It's a bold and very risky strategy.
It is not unusual for Cities to turn to risky bond strategies when pension obligations squeeze their budget, but Steinberg's approach to the bonding is very unusual. Typically, city issued bonds to deal with pension costs take the form of pension obligation bonds - where cities issue large amounts of municipal debt and deposit the proceeds in their pension fund, such as CalPers, which invests the money to pay future pensions. Pension bonds are essentially a bet that the investments made by the pension fund will grow faster than the interest rate on the bonds. Borrowing money to invest in the markets is a very risky strategy. The outcome often comes down to market timing luck. Sometimes the bets succeed and sometimes pension bonds fail in a big way - like when Stockton issued over $100 million in pension bonds in 2007, contributing significantly to its 2012 municipal bankruptcy.
Mayor Steinberg is not proposing a pension bond. He wouldn't give the proceeds to CalPers to invest. Instead, he would use the bonds to solve the city's long-term pension/budget ills by making investments in the City that he argues would grow the tax base enough to both pay the on-going debt service of the bonds and the Calpers debt. Rather than gamble on the markets, he would gamble on his (and the City Council's) acumen in making investments in "inclusive economic growth" that would increase community prosperity and thus increase long-term tax revenue for the City.
I am calling the Mayor's plan a self-managed pension bond since the budget logic is similar. Rather than rely on outside investment managers, he is just putting himself in charge of a committee of investing up to $400 million in bond proceeds to achieve his civic and budget goals. He is arguing that he should be in charge of the second half-cent of sales tax revenue, even borrowing so the revenues beyond his term can be spent/invested today, because it would not exist if not for his idea and push to go for the larger tax increase. He believes he and the city council will make the right investments today that "change the economic arc of the City."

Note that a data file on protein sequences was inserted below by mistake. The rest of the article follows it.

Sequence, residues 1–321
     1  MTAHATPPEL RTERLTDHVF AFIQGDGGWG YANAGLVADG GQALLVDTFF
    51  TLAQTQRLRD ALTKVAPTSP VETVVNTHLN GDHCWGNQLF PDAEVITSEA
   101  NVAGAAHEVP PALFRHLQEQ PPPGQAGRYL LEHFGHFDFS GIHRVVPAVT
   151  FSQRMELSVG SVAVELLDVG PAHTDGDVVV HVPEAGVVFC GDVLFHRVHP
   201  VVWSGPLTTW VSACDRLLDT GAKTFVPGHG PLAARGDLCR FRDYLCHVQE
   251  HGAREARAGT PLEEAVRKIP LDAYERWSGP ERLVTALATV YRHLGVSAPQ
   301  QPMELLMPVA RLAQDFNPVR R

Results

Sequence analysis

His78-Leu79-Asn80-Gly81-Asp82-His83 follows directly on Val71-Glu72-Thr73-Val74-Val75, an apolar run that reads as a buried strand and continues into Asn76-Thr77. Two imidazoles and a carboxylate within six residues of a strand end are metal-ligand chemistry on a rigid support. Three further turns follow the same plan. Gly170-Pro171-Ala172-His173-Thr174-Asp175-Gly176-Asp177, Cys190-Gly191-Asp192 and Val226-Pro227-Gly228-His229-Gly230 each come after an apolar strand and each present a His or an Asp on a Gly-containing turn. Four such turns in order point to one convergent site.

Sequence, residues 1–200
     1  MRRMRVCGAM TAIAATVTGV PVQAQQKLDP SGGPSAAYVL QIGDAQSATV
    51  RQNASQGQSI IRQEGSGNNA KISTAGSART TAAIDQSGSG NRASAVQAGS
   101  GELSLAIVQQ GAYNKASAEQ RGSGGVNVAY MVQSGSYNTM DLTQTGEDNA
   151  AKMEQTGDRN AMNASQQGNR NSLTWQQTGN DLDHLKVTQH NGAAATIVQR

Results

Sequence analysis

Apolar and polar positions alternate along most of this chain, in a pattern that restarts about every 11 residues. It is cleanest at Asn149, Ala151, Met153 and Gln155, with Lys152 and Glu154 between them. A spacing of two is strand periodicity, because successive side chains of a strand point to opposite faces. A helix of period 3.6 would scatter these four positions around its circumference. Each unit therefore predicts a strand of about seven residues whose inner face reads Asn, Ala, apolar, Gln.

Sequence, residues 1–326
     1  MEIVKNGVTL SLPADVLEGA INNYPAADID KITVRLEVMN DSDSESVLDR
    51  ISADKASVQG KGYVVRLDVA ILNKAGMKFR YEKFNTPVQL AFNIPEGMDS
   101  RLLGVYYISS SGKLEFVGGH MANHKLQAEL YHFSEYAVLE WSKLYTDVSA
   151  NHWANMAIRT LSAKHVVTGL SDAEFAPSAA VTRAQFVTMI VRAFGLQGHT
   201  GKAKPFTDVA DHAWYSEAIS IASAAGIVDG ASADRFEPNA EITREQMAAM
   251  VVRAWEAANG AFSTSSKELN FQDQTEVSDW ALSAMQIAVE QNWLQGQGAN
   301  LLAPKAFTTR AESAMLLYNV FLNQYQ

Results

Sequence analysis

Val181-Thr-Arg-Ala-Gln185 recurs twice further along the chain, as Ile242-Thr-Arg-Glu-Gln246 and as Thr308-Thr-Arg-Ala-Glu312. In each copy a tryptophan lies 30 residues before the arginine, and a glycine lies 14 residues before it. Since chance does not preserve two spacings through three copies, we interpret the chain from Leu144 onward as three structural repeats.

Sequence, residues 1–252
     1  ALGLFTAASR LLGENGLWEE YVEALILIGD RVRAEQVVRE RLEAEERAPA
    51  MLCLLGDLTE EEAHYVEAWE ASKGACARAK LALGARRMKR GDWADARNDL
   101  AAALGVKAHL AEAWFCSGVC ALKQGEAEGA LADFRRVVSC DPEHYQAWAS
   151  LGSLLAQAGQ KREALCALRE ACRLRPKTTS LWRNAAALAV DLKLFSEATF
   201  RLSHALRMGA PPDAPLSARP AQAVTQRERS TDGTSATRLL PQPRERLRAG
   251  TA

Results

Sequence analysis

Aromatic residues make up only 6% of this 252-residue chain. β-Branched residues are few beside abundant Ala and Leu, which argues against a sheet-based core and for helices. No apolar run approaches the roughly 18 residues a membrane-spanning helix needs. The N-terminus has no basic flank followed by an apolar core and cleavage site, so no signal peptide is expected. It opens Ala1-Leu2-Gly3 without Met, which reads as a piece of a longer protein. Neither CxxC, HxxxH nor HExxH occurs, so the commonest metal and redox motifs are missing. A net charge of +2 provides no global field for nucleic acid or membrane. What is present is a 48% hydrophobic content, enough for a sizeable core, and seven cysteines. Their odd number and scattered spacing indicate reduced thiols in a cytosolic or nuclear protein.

Below are some quotes from when the Mayor put forward his vision a few weeks ago for how to spend the second half cent of the Measure U sales tax,
By the end of the five-year budget forecast, the city will owe CalPERS an additional $39 million a year to pay for pension obligations for existing city employees. We are also at the beginning of collective bargaining for nearly all of our city employees. Assuming modest wage increases, and we should always treat our employees with respect and real support, the additional outlay for the city will be at least $15-$20 million per year.
“These numbers are easily verified. Add them together – the pension obligation and the low end of the salary increases -- and they total at least $54 million. ...“The second half cent equals $50 million. If we keep the second half cent in the general fund, every penny will go to pension and salaries.
I will argue confidently throughout these next weeks that if I had not laid out a clear, inclusive economic agenda for the city in my first years as mayor, the city would have sought only to renew the original Measure U at half a cent, so there would not have been a second half cent to consider for pensions, or salaries, or basic services...
“Since we pass only one budget at a time, and you cannot bind future city councils, there is only one way I know of to guarantee that significant resources will be dedicated long-term to the promise we made to our voters and to our neighborhoods. I will ask the treasurer to come back over the next weeks with a proposal to securitize $25 million a year from the second half cent. A commitment of $25 million a year for 25 years would allow us to create a capital equity fund of more than $400 million.